For example, last month was 1.7°F above the average at DCA, while Dulles was 0.7°F below its average, for a difference of +2.4°, where the expected difference should be near zero. The record hot May departure from normal was 1.5° greater at Reagan than Dulles. Adjusting the Reagan temperature down to where it should be would take it out of the record books.

I noted this to Jason Samenow, a former student of mine and a great forecaster who runs the Washington Post’s excellent Capital Weather Gang (www.capitalweather.com).  He agreed something was weird, and I then set out to look to see if there was some point in time where this obvious error suddenly started. I soon found it, in January, 2014.  Since then, DCA’s monthly departures from normal have averaged 2.2°F warmer than Dulles.

As I was about to write this for Cato@Liberty, Jason and his crew published their take on it–a worthwhile and informative read. In addition to what I had found, they discovered that there was a similar anomaly difference from when IAD opened up in 1962 through the early 1980s. That makes the current era look not-so-unique.

Let us all praise the Interwebs, for someone soon alerted Jason to this document: “Temperature Irregularities at Washington National Airport during the Heating Season: 1978-85.” It was published in the journal of the National Weather Association, a smaller competitor to the more widely known American Meteorological Society. One of the authors, the late William (Bill) Klein, was one of the world’s most accomplished scholars in the field of statistical meteorology.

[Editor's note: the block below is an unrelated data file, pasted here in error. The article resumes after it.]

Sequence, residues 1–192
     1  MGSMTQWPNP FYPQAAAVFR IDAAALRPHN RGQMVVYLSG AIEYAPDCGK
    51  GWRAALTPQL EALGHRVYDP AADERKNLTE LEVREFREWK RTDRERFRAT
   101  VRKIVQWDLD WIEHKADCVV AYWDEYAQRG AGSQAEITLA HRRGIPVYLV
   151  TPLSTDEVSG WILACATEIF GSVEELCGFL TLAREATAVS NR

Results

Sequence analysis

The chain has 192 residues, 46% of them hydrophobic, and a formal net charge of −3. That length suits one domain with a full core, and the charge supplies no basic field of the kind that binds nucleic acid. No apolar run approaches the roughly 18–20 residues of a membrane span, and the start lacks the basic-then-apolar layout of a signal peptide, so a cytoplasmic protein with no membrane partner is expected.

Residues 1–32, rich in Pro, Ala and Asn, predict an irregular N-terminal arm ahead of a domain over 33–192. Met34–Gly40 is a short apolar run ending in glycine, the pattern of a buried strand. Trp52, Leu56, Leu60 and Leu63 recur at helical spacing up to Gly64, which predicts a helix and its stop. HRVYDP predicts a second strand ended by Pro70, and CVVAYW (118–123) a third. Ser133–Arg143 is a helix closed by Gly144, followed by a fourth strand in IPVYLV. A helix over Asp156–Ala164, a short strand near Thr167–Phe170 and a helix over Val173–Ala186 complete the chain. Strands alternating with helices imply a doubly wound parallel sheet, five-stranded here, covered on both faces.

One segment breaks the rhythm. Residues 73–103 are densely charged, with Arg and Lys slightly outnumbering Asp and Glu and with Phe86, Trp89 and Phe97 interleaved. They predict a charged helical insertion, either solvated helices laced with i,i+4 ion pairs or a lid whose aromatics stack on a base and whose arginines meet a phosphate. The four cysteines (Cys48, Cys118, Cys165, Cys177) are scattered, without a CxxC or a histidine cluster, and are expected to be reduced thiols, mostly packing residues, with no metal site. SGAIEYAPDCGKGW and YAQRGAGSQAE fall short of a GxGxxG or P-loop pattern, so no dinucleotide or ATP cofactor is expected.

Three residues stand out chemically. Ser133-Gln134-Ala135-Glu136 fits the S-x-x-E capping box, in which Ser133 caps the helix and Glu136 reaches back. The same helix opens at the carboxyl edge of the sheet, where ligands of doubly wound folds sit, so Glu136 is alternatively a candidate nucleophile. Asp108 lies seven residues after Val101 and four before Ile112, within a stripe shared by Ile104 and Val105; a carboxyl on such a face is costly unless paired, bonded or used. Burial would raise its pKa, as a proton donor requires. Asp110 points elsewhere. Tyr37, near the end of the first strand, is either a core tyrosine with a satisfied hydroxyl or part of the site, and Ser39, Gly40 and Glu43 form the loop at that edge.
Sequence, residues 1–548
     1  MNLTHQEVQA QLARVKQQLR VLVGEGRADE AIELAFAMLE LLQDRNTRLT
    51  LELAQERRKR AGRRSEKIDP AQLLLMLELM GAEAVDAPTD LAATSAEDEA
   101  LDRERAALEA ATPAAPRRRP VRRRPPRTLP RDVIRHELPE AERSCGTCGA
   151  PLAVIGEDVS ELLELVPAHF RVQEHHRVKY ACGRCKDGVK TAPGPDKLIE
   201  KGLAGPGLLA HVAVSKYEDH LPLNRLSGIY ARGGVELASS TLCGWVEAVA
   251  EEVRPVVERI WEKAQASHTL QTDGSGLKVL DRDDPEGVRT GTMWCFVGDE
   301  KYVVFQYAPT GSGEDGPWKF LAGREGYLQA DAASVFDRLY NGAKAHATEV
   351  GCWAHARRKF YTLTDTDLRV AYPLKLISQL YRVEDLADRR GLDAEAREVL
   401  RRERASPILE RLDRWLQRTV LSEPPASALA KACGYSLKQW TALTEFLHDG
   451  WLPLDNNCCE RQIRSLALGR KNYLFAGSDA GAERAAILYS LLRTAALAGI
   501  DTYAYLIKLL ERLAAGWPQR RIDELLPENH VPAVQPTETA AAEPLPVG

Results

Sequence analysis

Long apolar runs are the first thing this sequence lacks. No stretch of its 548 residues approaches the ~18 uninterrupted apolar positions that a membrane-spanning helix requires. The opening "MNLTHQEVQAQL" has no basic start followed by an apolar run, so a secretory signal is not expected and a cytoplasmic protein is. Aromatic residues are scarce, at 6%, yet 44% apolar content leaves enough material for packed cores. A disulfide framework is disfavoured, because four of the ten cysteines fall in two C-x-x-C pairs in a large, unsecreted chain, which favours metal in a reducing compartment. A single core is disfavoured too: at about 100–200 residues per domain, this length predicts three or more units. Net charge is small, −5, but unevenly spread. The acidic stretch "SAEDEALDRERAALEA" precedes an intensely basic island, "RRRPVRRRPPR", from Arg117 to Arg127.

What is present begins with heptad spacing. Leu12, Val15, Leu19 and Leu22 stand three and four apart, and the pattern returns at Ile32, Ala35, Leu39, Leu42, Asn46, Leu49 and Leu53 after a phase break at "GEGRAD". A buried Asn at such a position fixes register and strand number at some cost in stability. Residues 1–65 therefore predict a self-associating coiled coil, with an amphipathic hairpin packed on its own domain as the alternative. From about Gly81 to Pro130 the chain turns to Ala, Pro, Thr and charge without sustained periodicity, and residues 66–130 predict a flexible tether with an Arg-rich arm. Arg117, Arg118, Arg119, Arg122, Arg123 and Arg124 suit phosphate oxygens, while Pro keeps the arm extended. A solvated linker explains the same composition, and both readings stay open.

The paper found that the instrumentation at DCA back then was drifting warmer and warmer, in addition to the expected urban warming. When it was replaced in 1985, the anomaly differences largely stopped—until 2014.

So there’s some reasonable evidence that DCA is reading way too hot, at least for monthly departures from normal. The question is, why has it taken so long to be noticed? There are 6 million people in the metro area, and, judging from the traffic on Jason’s site, an awful lot of weather nerds. Maybe people weren’t looking because they didn’t want to know. As it stood, the DCA record was providing wonderful “confirmation bias” to a city obsessed with global warming—so if the DCA temperatures are warming like crazy, that’s consistent with the belief system of the inhabitants. 

The sudden warming of the temperature anomalies at DCA compared to the Dulles anomalies could have many causes. There might have been a coding (programming) error inserted in January 2014, related to the fact that “normal” temperatures are adjusted every ten years to reflect the average for the last thirty. The new normals, for 1981-2010, were published in November, 2012, when they replaced the 1971-2000 values.